Quick Look is a simple and notable feature that got me interested in switching from Windows to OS X (or MacOS). With a gentle press of
Space key, I can preview the file contents without having to launch a separate app. Today I would like to share some of my favorites plugins that you can install to extend its functionalities.
Quick Look plugins are stored in
/Library/QuickLook. The main difference between these two file paths lies in the use of tilde symbol or
~.1 It can be confusing for people who are new to MacOS when they face installation instructions that involve the symbol, and it’s important to learn the difference: the tilde symbol represents home directory for current user.
Understanding the difference can help you decide where you want to install Quick Look plugins.
If you want the Quick Look plugins available for every account on your Mac, you want to install it in the root folder or
/Library/QuickLook. If you prefer to enable the plugins only for yourself, you want to save them into the home folder or
Quick Look plugins are folders with
qlgenerator as the file extension. You can view the plugin contents by right-clicking the file and choose
Show Package Contents. Most of the time, the plugin come with a stylesheet which you can edit to customize the look of the rendered Quick Look result.
A CSV (Comma Separated Values) file is a popular file format for people who work with spreadsheets. What I like from this file format is that you can create it with any text editors and open it from any applications because it’s just a plain text document.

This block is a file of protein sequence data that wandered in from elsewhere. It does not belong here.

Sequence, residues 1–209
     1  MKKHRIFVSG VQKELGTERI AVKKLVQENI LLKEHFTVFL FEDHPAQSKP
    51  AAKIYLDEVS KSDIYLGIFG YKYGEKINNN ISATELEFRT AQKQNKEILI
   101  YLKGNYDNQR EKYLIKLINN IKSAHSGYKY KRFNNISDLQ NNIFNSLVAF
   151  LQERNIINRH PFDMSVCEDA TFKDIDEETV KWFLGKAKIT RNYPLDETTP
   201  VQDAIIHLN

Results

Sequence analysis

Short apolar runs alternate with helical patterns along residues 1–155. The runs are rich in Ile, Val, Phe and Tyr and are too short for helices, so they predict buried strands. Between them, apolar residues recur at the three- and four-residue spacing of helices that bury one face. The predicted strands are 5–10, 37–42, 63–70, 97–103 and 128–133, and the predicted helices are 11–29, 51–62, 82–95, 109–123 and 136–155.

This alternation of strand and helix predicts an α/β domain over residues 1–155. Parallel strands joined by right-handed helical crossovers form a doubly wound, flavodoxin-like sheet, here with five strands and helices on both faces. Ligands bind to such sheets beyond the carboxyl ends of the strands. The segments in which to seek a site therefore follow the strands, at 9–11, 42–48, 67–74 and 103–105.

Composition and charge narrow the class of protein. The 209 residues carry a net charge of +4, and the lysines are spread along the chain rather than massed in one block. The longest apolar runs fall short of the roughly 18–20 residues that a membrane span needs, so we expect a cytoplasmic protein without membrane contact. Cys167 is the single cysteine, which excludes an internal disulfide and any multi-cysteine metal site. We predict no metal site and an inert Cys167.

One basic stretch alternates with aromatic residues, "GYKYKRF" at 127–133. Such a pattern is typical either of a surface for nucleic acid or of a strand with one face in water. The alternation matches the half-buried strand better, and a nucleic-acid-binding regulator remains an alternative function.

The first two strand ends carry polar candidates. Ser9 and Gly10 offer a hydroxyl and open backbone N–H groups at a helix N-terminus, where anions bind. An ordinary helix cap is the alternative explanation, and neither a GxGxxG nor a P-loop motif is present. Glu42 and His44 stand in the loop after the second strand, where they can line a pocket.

If you use QuickLook on the CSV files without QuickLookCSV, you will see a chunk of text separated by commas. It’s difficult to process the information because they’re not aligned. As the result, you’re forced to open the CSV files in a spreadsheet program like Excel or Numbers.
QuickLookCSV will render the CSV files in a spreadsheet-like manner so you can avoid opening it in a spreadsheet program.
There are two versions you can download. The original version uses Lucida Grande as the font-family and light-grey as the alternate row color. The modified version uses Input Mono and light-blue as the alternate row color.
You don’t have to be a programmer to reap the benefits of the QLColorCode. This plugin lets you view the source code with each syntax correctly colored to match its functions. It’s much more efficient compared to open them in text editors like Sublime Text.
There are some commands that you can run to customize the plugin. I recommend Input Mono as the primary font for QLColorCode, and also set the font-size to 8. You can enter the following commands to change the settings.
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MultiMarkdown adds additional syntax like tables, footnotes, and citations on top of the original Markdown syntax. There are few MultiMarkdown plugins available, but my choice is the one made by Brett Terpstra. The decisive feature is that you can use a custom stylesheet by placing it in the home directory.
You can create the custom stylesheet by entering the following command in the Terminal.
.mdqlstyle.css can be found in the Home directory. It’s hidden because of the dot prefix, but you can display hidden files in Finder by entering the following command in Terminal.
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Open the file with any text editor and paste the MultiMarkdown templates you can download online.
I choose GitHub style as my preferred MultiMarkdown template. You can also download my custom stylesheet and move the
.mdqlstyle.css to your home directory.
My favorite shortcut to inspect files is
Command + Option + I which fires up an Inspector in Finder. It’s useful when you have to check many files information one by one because it updates every time you switch to another file.
Sometimes I only need to check a single image dimension. Using
Get Info command requires me to switch to Finder, which I believe can kill the efficiency. With QLImageSize, I can search in Alfred and press
Shift to preview the image, identify its dimension, and figure out the file size.
There are others Quick Look plugins you should check out like BetterZipQL, QuickLookJSON, and QLStephen. I recommend that you visit the curated Quick Look repository to learn more about those plugins.